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Gordon Robinson | Haemorrhoid on Butch

Published:Tuesday | November 29, 2016 | 11:00 AM

Holding four of a kind including the double, your first instinct should be to avoid pushing that card until it's introduced by another player.

This protects the double. So, the correct answer to last week's quiz is six-five, hoping someone will play five-four. Cutting partner's compulsory pose is no biggie. Congratulations to Mark Brooks of St Elizabeth, who was first with the correct answer. He wins a much coveted Nothing Prize.

Segue to a story told by Haemorrhoid interrupting a massive whipping Autry and I were taking from Little D and his father. Remember Haemorrhoid (Ernest H. Flower) - articled clerk whose talents were avoiding work and telling shaggy dog tales? His lament about "piles and piles" of files on his desk, plus his middle initial, produced his nickname.

Haemorrhoid told the story of Butch, the intelligent rooster:

"Sandra was in the fertilised egg business. She had several hundred young pullets and 10 roosters, but kept records. Any non-performing rooster was executed, turned into Sunday dinner, and swiftly replaced.

"This was time-consuming and tiring, so Sandra retained an efficiency consultant who advised on a more economical method. Acting on the consultant's advice, Sandra bought tiny bells and attached them to her roosters. Each bell had a different tone, so she could tell from a distance which rooster was 'performing'.

 

new system

 

"With the new system in place, Sandra just sat on the porch and filled out her efficiency reports by listening to the bells.

"Sandra's favourite rooster, old Butch, was a very fine specimen, but, one day, she noticed old Butch's bell hadn't rung at all! When she went to investigate, she saw the other roosters were busy chasing pullets, bells-a-ringing, but the pullets hearing the roosters coming would run away.

"To Sandra's amazement, old Butch had his bell in his beak, so it couldn't ring. He'd sneak up on a pullet, do his job, and walk on to the next one. Sandra was so proud of old Butch, she entered him in a show. He became an overnight sensation among the judges. Old Butch was not only awarded the 'No Bell Piece Prize' but the 'Pulletsurprise' as well."

I couldn't help remembering Haemorrhoid's story when I read Sandrea 'Sandinherbrain' Falconer's inane critique of Young Andrew's fashion choice during Government's excellent prep work for Hurricane Matthew's eventual non-arrival. Clearly unable to find any substantive fault in his performance and incapable of shutting up, she complained about Andrew's green cap.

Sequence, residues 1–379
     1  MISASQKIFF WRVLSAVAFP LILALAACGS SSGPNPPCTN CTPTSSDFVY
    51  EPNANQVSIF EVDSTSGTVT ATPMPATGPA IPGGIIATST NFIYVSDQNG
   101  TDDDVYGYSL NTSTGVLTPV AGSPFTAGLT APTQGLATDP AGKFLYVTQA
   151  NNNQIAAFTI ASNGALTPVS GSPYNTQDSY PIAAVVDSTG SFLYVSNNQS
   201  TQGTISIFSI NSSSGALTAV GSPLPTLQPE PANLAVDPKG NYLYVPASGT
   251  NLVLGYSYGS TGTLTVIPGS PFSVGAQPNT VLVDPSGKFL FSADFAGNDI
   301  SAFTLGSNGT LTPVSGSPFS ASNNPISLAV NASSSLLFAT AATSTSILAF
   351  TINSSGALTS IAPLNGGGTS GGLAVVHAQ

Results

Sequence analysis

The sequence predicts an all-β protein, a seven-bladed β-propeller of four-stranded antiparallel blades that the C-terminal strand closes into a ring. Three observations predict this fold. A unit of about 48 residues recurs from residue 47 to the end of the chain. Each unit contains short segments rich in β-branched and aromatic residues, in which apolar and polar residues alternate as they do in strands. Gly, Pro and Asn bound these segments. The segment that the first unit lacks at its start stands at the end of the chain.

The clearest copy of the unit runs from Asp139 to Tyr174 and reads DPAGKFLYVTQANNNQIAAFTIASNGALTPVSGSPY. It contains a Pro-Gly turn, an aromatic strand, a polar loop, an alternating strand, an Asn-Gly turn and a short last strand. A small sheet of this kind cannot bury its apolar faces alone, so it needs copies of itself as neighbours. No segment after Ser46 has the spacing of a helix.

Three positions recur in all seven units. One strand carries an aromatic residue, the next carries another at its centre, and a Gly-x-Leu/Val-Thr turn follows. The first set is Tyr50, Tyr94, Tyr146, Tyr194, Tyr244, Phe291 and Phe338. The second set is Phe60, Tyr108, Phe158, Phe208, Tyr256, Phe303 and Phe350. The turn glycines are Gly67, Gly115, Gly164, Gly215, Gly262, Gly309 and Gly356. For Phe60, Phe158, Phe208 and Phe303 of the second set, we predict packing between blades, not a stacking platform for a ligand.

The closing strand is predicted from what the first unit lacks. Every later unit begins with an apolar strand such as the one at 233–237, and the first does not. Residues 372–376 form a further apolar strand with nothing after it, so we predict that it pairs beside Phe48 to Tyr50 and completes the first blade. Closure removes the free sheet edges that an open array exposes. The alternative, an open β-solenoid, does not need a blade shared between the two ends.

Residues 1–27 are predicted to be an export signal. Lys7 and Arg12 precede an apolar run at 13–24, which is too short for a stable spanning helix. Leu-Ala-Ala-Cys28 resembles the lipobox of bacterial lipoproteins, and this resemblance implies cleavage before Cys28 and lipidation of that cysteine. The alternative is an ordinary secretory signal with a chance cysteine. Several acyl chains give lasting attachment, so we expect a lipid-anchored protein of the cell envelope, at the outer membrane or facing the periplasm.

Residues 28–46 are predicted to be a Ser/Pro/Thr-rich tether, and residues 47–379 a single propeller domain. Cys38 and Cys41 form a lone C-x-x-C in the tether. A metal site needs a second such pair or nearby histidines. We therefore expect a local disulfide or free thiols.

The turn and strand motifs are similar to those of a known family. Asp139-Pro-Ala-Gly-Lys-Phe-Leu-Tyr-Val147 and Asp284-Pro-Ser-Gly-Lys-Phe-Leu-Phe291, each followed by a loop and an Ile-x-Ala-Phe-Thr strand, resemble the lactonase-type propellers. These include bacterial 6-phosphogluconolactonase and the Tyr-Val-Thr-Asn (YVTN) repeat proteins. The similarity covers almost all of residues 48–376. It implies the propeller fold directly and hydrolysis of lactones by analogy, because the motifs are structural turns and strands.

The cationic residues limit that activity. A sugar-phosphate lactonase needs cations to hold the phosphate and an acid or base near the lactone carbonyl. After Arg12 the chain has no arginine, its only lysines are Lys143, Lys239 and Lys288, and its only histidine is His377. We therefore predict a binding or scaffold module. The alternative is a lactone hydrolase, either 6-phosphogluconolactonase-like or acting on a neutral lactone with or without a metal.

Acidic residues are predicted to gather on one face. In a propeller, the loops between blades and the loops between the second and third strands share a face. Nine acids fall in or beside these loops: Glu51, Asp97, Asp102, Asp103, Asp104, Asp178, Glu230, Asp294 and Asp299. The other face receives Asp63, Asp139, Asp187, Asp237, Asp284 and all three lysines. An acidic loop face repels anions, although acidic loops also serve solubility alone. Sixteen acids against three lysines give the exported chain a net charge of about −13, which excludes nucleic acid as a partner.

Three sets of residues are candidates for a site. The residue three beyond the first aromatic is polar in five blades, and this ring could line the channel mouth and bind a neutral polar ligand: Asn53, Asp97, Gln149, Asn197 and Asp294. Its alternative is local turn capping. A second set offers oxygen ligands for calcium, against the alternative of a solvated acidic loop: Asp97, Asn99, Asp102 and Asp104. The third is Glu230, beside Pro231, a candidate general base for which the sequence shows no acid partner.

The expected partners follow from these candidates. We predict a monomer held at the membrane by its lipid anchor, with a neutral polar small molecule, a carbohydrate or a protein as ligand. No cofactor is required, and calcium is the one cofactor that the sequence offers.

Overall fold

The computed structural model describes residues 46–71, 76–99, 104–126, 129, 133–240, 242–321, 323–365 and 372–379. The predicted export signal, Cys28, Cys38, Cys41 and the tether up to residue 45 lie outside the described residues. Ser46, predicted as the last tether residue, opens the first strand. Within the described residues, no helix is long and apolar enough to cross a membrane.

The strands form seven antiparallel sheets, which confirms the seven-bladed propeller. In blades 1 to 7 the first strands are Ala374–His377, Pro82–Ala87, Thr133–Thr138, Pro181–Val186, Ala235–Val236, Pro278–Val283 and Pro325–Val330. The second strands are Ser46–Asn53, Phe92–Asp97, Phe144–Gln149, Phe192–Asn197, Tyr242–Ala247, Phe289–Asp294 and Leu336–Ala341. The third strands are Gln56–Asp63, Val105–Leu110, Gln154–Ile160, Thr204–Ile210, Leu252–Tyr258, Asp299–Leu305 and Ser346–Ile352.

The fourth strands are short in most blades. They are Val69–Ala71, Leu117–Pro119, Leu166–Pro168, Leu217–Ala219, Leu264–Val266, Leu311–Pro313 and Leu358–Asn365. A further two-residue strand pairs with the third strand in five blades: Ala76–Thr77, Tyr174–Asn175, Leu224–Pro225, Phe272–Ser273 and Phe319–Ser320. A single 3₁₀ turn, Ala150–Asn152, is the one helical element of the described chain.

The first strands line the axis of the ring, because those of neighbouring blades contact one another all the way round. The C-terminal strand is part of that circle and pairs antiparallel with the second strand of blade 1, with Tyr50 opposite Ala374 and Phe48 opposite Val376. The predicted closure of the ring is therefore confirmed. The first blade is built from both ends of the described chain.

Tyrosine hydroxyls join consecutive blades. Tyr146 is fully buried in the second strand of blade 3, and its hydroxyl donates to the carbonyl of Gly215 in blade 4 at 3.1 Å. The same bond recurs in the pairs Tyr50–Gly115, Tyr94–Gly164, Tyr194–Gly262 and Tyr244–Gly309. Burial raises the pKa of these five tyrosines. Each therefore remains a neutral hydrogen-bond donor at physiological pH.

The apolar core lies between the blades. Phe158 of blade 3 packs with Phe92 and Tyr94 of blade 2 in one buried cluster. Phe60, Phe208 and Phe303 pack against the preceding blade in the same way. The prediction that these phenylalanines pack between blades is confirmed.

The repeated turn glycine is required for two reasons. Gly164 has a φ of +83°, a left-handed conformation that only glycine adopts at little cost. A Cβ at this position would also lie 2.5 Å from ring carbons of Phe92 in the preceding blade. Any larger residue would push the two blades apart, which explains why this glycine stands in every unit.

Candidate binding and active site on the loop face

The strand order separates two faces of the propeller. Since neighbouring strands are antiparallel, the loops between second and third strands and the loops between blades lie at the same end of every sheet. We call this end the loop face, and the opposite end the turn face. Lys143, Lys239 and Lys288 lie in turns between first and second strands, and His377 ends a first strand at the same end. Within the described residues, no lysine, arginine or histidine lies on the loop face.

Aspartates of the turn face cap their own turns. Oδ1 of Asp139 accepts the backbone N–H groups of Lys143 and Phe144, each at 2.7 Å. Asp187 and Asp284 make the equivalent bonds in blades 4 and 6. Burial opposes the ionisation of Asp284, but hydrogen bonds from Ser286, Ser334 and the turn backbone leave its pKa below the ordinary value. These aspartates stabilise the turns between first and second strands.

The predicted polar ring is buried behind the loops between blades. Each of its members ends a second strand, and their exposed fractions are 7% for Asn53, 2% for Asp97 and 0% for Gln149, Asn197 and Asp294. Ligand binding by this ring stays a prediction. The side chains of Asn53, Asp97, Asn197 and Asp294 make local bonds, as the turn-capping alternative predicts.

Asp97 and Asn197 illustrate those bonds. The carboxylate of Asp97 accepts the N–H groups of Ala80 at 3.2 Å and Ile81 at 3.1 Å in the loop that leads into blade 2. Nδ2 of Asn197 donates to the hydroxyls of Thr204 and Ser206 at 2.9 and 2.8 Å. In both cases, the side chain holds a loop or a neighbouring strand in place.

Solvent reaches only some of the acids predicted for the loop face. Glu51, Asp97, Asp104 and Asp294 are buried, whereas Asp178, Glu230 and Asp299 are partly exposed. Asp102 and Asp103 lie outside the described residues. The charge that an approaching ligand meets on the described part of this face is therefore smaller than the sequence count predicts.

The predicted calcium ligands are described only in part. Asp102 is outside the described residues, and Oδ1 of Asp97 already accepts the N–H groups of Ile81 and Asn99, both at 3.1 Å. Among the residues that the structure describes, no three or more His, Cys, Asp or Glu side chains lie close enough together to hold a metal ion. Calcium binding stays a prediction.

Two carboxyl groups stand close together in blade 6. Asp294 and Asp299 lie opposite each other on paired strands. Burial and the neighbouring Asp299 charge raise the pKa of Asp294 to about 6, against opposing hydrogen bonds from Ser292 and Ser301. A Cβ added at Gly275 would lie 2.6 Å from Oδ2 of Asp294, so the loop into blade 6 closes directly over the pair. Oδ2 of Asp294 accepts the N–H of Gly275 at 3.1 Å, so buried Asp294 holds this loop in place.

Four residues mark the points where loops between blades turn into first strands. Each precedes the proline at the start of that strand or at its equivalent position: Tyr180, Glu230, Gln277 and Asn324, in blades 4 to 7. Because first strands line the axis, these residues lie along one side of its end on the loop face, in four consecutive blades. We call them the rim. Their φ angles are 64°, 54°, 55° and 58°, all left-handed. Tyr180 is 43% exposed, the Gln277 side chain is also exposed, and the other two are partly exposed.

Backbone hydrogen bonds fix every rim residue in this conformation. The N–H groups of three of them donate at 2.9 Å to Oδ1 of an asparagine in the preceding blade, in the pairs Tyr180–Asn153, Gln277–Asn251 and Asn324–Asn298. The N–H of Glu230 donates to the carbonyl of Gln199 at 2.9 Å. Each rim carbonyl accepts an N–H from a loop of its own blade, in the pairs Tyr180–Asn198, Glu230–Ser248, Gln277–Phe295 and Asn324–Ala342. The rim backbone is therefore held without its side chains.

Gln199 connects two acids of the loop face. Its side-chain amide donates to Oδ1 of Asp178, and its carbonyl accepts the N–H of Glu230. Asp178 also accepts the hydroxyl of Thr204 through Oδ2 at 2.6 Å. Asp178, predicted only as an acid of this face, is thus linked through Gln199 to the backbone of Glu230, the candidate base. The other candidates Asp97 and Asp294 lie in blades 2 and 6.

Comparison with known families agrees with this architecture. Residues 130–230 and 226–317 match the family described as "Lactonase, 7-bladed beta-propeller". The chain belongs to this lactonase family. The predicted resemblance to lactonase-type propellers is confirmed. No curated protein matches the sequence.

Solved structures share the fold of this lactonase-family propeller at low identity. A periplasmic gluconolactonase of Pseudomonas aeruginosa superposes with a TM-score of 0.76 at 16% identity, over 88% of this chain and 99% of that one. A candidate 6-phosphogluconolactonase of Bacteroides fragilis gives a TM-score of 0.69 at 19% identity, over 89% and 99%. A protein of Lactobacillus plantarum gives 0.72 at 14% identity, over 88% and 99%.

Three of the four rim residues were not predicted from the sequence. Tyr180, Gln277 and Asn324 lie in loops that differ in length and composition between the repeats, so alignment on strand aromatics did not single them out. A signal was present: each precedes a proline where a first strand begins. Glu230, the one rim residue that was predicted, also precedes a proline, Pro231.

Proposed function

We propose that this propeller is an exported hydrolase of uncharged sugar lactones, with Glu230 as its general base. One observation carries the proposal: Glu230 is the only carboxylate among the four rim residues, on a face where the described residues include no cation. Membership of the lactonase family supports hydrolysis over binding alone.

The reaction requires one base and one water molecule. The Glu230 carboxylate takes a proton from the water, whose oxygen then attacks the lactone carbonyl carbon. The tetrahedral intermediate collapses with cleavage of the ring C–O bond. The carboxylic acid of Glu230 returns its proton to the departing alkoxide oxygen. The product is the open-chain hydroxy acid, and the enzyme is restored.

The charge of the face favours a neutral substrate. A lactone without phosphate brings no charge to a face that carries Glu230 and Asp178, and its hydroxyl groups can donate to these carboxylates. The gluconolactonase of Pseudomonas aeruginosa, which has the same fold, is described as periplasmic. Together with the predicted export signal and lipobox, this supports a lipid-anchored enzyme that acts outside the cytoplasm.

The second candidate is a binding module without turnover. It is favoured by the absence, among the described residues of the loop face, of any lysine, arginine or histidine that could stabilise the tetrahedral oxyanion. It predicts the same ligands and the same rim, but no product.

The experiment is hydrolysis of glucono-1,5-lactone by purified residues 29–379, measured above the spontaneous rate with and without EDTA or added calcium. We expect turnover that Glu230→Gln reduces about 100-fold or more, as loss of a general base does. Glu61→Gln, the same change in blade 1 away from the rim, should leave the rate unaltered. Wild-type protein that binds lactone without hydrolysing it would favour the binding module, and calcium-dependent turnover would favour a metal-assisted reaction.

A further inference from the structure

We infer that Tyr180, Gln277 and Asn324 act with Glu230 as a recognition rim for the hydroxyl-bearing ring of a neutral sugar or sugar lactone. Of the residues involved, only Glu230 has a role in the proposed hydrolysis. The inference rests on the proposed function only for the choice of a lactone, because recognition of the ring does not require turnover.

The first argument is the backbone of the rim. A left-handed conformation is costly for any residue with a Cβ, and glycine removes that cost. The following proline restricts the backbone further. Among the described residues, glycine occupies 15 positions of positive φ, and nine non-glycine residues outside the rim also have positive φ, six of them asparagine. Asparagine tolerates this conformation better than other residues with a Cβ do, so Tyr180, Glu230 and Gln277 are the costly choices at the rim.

"Madness, madness;

they call it madness.

Madness, madness;

they call it madness."

As spokesperson for a former government expert at Old Butch's strategy, namely, silently sneaking up on an unsuspecting electorate and screwing them when they least expected it, you'd think Sandinherbrain might know better. But, no, exposure of her incurable tribalism seemed the objective.

Cecil Bustamante Campbell (Prince Buster) was no joker or peacemaker and didn't, contrary to Booklist Boyne's assertion, do anything in a "light-hearted" manner. He grew up tough; was a pugilist; and a take-no-prisoners type of entertainer. Madness was his retort to mainstream Jamaica who felt he was 'touched'.

His musical 'war' with Derrick Morgan was deadly serious. It began when Morgan abandoned Buster's 'studio' for Leslie Kong's Beverley's Records, allegedly 'borrowing' a special horn passage Buster had 'put down' to use later. When Buster heard the passage in Forward March, he went ballistic, insulting Morgan with Blackhead Chiney Man (1963), to which Morgan replied with Blazing Fire (1963). Derrick closed that tune with what was meant to be a 'las' lick' lyric, "Be still, bwoy, I'm your superior ...", reprising a 1962 tune (Be Still) recorded for Buster.

Incensed, Buster retaliated with Praise Without Raise (1968), which included what was, in the context of 1960s Jamaica, a devastating insult, "I've said it, you're a black-head Chiney men, not man", to which an enraged Morgan replied No Raise No Praise (1969), in which he revealed that when he was with Buster, "I neither get praise much less raise." Undaunted, Buster hit back with 30 Pieces Of Silver, alleging he bought every piece of clothing Morgan wore and dubbing Morgan 'Judas Charmer'. The feud ended before Morgan could carry out his threat of a nuclear option.

Local music history buffs have one source of knowledge left to tap, and it's not in The Gleaner. With the departure of music encyclopaedia Winston Sparks ('King Stitt'), only Vaughn 'Bunny' Goodison ('The Mighty Burner') can deliver authentic lessons, including on the Buster-Morgan feud. Don't ask anybody else. Not even me!

Peace and love.

- Gordon Robinson is an attorney-at-law. Email feedback to columns@gleanerjm.com.